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Boulder, CO, United States

The High Altitude Observatory conducts research and provides support and facilities for the solar-terrestrial research community in the areas of solar and heliospheric physics, and the effects of solar variability on the Earth's magnetosphere, ionosphere, and upper atmosphere.HAO is a laboratory of the National Center for Atmospheric Research . NCAR is managed by the University Corporation for Atmospheric Research , and receives substantial funding from the National Science Foundation .HAO's mission is to understand the behavior of the Sun and its impact on the Earth, to support, enhance, and extend the capabilities of the university community and the broader scientific community, nationally and internationally, and to foster the transfer of knowledge and technology. As articulated in its Strategic Plan for 2011-2015, HAO's vision is to: Perform world-leading science to understand fundamentally and with predictive capability the sources and nature of solar and geospace variability; Provide scientific leadership and facilities to serve the wider community in common pursuit of these science objectives, and both support and benefit from the NCAR community; Support the education and training of early-career researchers in solar-terrestrial physics and instrumentation; and Provide advocacy for solar-terrestrial physics, promoting its results, and articulating its societal importance, to the rest of NCAR, the NSF, the university community, and the public.HAO's telescopes are located at its Mauna Loa Solar Observatory, near the summit of that volcano on the big island of Hawaii. NCAR's solar observatory shares space on the campus of NOAA's larger Mauna Loa Observatory. HAO's researchers are based at NCAR headquarters, in Boulder, Colorado.The founding Director of the High Altitude Observatory was Walter Orr Roberts. The current Director is Scott McIntosh. A list of all HAO directors since the founding of the Observatory is given below. Wikipedia.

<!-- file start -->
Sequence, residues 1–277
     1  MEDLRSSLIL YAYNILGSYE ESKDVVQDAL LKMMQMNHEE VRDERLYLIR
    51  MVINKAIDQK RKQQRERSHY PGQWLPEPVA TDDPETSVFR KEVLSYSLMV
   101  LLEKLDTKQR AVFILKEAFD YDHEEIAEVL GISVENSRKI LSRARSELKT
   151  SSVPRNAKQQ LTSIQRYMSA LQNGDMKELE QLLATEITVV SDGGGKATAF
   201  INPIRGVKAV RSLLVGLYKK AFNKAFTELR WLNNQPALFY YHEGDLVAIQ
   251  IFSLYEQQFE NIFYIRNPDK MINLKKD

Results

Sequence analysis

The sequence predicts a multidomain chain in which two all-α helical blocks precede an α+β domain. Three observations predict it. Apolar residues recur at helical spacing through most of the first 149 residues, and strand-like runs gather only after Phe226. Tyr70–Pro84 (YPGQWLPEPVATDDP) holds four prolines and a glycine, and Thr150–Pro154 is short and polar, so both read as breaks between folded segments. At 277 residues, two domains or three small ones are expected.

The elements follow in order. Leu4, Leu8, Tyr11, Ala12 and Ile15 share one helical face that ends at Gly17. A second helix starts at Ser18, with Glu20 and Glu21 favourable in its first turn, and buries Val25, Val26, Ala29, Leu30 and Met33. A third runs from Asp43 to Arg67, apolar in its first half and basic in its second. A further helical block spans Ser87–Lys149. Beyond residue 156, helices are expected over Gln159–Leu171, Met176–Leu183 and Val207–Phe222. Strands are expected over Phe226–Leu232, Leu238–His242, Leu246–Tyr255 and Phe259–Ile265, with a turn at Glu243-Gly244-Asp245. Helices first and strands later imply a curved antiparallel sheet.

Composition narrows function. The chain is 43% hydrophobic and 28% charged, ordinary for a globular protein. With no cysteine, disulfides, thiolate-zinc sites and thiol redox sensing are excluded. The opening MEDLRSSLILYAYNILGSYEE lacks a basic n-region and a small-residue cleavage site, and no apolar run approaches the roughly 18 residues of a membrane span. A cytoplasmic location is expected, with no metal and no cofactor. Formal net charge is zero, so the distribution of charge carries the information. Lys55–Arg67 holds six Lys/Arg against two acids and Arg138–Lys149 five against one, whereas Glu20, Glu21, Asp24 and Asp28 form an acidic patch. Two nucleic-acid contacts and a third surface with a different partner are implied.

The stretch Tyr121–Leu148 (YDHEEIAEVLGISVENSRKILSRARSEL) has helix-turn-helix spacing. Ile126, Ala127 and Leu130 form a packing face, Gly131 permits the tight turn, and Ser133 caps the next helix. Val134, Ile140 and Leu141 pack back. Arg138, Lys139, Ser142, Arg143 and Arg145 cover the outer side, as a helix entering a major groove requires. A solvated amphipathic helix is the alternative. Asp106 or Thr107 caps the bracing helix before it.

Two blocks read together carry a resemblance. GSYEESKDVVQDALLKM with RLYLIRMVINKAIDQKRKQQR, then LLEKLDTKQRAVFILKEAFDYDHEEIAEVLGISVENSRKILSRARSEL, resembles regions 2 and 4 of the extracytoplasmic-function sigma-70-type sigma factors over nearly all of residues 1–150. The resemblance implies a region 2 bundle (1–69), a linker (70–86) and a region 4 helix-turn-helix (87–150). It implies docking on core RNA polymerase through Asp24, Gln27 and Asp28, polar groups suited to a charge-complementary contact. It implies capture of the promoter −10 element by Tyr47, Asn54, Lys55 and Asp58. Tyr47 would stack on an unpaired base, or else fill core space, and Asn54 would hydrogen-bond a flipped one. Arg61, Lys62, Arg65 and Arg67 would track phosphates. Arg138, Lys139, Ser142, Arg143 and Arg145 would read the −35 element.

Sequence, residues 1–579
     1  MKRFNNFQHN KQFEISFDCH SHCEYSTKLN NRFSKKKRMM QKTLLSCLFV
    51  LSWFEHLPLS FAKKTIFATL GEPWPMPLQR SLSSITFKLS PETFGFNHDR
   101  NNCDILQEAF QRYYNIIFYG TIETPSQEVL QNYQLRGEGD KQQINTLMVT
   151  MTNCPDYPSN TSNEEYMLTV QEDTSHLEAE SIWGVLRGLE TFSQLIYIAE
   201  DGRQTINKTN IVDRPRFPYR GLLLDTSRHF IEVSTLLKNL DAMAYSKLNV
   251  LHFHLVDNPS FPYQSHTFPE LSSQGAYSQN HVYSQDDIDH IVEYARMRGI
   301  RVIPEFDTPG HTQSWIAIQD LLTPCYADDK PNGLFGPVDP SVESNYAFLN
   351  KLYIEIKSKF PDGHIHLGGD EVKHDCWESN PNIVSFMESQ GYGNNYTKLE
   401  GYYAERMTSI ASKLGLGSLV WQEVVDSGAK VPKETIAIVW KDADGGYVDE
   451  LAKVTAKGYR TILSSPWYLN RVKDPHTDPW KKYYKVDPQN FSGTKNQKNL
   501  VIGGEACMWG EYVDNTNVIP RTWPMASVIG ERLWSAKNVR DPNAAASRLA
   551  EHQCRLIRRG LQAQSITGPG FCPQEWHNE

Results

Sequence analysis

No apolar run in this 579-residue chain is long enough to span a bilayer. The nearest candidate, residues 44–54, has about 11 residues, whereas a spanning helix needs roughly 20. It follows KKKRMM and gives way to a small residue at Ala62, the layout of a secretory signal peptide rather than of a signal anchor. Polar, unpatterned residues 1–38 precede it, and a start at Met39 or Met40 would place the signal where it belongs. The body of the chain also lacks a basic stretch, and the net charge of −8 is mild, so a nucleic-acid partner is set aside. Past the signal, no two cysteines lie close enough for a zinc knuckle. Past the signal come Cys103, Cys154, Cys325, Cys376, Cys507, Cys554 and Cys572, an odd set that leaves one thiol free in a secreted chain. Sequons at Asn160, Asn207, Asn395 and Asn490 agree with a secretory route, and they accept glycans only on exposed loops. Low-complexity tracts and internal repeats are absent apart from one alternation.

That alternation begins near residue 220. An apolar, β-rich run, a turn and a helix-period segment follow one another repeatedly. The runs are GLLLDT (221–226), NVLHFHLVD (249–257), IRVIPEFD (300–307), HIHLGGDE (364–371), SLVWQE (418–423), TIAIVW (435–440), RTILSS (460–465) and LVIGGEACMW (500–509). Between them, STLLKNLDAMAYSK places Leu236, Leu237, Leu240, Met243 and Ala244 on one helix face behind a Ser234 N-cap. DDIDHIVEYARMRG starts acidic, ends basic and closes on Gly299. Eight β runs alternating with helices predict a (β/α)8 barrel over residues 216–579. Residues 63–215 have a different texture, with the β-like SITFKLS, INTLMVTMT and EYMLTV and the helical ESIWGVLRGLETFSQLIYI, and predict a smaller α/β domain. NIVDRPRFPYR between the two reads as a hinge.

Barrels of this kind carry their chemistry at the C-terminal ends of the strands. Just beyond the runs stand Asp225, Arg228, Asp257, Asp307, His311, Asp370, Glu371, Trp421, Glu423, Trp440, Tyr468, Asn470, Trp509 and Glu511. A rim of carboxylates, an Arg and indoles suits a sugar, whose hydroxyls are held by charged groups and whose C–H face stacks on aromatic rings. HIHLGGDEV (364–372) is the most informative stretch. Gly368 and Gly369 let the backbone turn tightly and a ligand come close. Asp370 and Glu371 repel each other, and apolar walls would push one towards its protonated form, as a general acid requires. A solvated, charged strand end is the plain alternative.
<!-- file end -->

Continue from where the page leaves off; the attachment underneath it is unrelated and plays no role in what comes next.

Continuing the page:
We present a series of radiative MHD simulations addressing the origin and distribution of the mixed polarity magnetic field in the solar photosphere. To this end, we consider numerical simulations that cover the uppermost 2-6 Mm of the solar convection zone and we explore scales ranging from 2 km to 25 Mm. We study how the strength and distribution of the magnetic field in the photosphere and subsurface layers depend on resolution, domain size, and boundary conditions. We find that 50% of the magnetic energy at the τ = 1 level comes from fields with the less than 500 G strength and that 50% of the energy resides on scales smaller than about 100 km. While the probability distribution functions are essentially independent of resolution, properly describing the spectral energy distribution requires grid spacings of 8 km or smaller. The formation of flux concentrations in the photosphere exceeding 1 kG requires a mean vertical field strength greater than 30-40 G at τ = 1. The filling factor of kG flux concentrations increases with overall domain size as the magnetic field becomes organized by larger, longer-lived flow structures. A solution with a mean vertical field strength of around 85 G at τ = 1 requires a subsurface rms field strength increasing with depth at the same rate as the equipartition field strength. We consider this an upper limit for the quiet Sun field strength, which implies that most of the convection zone is magnetized close to the equipartition. We discuss these findings in view of recent high-resolution spectropolarimetric observations of quiet Sun magnetism. © 2014. The American Astronomical Society. All rights reserved. Source

Rempel M.,High Altitude Observatory
Astrophysical Journal

We analyze in detail the penumbral structure found in a recent radiative magnetohydrodynamic simulation. Near τ = 1, the simulation produces penumbral fine structure consistent with the observationally inferred interlocking comb structure. Fast outflows exceeding 8 km s-1 are present along almost horizontal stretches of the magnetic field; in the outer half of the penumbra, we see opposite polarity flux indicating flux returning beneath the surface. The bulk of the penumbral brightness is maintained by small-scale motions turning over on scales shorter than the length of a typical penumbral filament. The resulting vertical rms velocity at τ = 1 is about half of that found in the quiet Sun. Radial outflows in the sunspot penumbra have two components. In the uppermost few 100km, fast outflows are driven primarily through the horizontal component of the Lorentz force, which is confined to narrow boundary layers beneath τ = 1, while the contribution from horizontal pressure gradients is reduced in comparison to granulation as a consequence of anisotropy. The resulting Evershed flow reaches its peak velocity near τ = 1 and falls off rapidly with height. Outflows present in deeper layers result primarily from a preferred ring-like alignment of convection cells surrounding the sunspot. These flows reach amplitudes of about 50% of the convective rms velocity rather independent of depth. A preference for the outflow results from a combination of Lorentz force and pressure driving. While the Evershed flow dominates by velocity amplitude, most of the mass flux is present in deeper layers and likely related to a large-scale moat flow. © 2011. The American Astronomical Society. All rights reserved. Source